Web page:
Sleep like a starfish!!!  Ensure there is plenty of room to move. Lack of space and partner disturbance are common culprits of poor sleep. Snoozilla provides luxurious pocket spring mattresses that are spacious enough for restful, undisturbed sleep. Say goodbye to the days of feeling jailed in by your own bed.


Don't let the bed ruin the Joys of being Tall!

You spend one-third of your life in Bed.
Don't spend it Uncomfortably


Why is Sleep so Important for Your Brain?

Sleep plays such a crucial role in maintaining good health and well-being. We often underestimate the importance of sleep. Getting adequate quality sleep can help safeguard your physical and mental health, quality of life, and impact your safety.

How you feel when you're awake depends in part on what happens while you're sleeping. During sleep, your body is working to support healthy brain function and maintain your physical health. In children and teens, sleep also aids healthy growth and development.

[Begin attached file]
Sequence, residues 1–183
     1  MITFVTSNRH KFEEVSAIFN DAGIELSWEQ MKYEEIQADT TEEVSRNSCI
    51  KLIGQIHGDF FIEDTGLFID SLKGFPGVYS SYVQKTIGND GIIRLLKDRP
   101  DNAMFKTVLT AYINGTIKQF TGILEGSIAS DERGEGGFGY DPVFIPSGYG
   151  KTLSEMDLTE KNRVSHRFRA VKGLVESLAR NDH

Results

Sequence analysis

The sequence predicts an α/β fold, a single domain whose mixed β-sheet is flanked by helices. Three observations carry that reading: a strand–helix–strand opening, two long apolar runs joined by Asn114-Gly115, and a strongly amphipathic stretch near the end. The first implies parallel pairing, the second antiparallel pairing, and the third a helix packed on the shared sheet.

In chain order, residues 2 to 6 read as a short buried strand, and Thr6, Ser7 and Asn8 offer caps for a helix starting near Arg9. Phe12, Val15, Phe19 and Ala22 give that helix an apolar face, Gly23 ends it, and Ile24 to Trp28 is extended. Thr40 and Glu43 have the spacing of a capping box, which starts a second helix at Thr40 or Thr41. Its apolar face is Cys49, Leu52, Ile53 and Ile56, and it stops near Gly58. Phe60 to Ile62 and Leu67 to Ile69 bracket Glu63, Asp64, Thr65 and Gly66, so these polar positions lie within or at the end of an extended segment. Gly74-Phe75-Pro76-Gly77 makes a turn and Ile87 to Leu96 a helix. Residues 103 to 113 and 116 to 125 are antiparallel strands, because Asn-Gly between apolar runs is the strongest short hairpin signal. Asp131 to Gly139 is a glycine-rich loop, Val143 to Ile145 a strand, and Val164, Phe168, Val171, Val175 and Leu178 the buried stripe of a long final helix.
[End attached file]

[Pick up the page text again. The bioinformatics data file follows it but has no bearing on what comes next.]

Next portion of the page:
The damage due to lack of sleep can occur in an instant (such as a car crash), or  over time. For instance, a continuing sleep deficiency could raise your risk for some chronic health problems. It also can affect how well you think, react, work, learn, and get along with others.


Why getting enough sleep should be a priority?

Did you know sleep is as important to our health as diet and exercise?

We generally know when we sleep the body is recharging, or revitalizing itself. But researchers from the University of Washington's Medical Sleep Center are the first to show suppressed immune gene expression in chronic sleep deprivation. They compared adult identical twins, and found the one who regularly slept less was sick the most.

Adequate sleep is essential for: 1) Fighting off infection 2) Supporting the metabolism of blood sugar to prevent diabetes 3) Working effectively and safely

Sleep disorders and chronic low sleep are associated with an increased risk of: 1) Heart disease 2) High blood pressure 3) Obesity (due to increased hunger hormone and excess carbohydrate intake) 4) Diabetes (resulting from impaired glucose tolerance)

The bottom line from the researchers at the University of Washington:
"There is no substitute for sleep."